Can anyone *really* explain opcode caching with PHP?

Roberto De Ioris roberto at
Wed Mar 7 09:46:23 UTC 2012

> Hi folks
> Thinking of abandoning mod_php for the wonderful world of nginx, but
> googling the issue of opcode caching with fastcgi is proving
> surprisingly confusing: there's a lot of conflicting information out
> there.
> My basic question is this: what is the most performant,
> memory-efficient, Slashdot resistant way to set up nginx for running a
> complex PHP app?

You have to take in account one fundamental point:

mod_php is often see as "easy" because it get the apache's adaptive
process spawning. That means you have not to take in account how much
processes to dedicate to php requests. Apache will spawn processes on

With nginx you have a proxy talking to a set of processes (via various
protocols). The default php fastcgi server does not have adaptive process
spawning, so you have to preallocate them, carefully choosing the number.

This often smashes even experienced apache "sysadmin", used to not care
that aspect. (i remember one guy working on one of fortune 500 company
blaming nginx on that list). I still have customer (experienced php
developers) that still not get the "multiprocess" concept.

I answer your questions below

> More specifically:
> 1) Why cache? I understood that a fastcgi  process compiles the app into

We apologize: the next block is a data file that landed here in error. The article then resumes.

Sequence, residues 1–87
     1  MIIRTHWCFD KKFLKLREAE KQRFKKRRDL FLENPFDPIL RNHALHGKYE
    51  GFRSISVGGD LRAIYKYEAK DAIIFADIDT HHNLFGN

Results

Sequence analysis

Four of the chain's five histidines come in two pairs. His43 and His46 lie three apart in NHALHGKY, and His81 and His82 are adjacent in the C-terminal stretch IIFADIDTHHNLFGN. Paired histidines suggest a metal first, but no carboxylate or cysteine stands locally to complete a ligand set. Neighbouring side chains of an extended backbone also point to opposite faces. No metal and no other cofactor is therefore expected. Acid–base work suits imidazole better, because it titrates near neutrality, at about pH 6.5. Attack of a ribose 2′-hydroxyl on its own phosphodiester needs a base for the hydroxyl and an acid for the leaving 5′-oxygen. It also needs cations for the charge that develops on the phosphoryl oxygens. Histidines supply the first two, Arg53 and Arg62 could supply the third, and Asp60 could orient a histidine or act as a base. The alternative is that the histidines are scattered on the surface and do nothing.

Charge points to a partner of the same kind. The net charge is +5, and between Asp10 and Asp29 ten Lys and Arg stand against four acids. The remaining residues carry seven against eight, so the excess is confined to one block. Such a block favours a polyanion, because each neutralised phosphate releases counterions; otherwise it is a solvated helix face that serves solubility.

> memory, and serves it from there till it's recycled after max_requests.
> So what's the value of opcode caching? To speed up one request in 500?
> But I've seen benchmarks that claim an opcode cache with nginx offers
> 50% savings on memory and response time. Where would these savings be
> coming from? No one explains...

fastcgi is only a communication protocol from nginx to your app (the php
server). I am not a big fan of opcode caching, but i can assure you that
it works in php fastcgi server, php-fpm and uWSGI. It really works
whenever your php processes are not recycled (that is why it will never
works on CGI mode)

> 2) What cache? Nginx/PHP setup tutorials either omit opcode caching or
> recommend xcache, without explaining why. There's a lot of conflicting
> information about whether each process needs its own cache (very memory
> intensive?) or whether processes can share a cache. Some bloggers claim
> that Xcache handles this better than APC, but again, no one explains how
> or why. Can anyone offer an authoritative answer to this?
> So is opcode caching effective with fastcgi? If so, how does it work,
> and what setup plays best with nginx? I would be more than grateful if
> anyone can make sense of this. Also, can I please suggest this as a
> candidate for the nginx FAQs? Judging by what I've been reading, I'm not
> the only one who'se confused by this...

again, caching fully works whenever you do not recycle your processes, so
you will not have problems with that.

I only suggest you to choose a more advanced server, like php-fpm or uWSGI
(even if it is very new in the php world),
as the old-style embedded php fastcgi-server has very few features (read:

Roberto De Ioris

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